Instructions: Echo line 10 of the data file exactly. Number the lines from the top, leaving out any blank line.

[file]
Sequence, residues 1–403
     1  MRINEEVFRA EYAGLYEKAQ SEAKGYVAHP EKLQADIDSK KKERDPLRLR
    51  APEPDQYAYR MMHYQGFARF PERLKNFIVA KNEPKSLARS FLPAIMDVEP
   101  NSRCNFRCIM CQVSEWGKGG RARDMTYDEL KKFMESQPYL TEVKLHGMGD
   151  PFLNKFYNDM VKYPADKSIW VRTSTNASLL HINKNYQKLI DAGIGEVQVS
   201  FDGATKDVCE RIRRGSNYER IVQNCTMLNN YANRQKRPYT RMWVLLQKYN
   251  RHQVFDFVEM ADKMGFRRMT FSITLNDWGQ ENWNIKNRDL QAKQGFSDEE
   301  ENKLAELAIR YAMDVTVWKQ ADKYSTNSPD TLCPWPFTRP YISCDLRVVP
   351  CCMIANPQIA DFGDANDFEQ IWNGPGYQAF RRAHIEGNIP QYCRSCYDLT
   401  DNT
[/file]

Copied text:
   401  DNT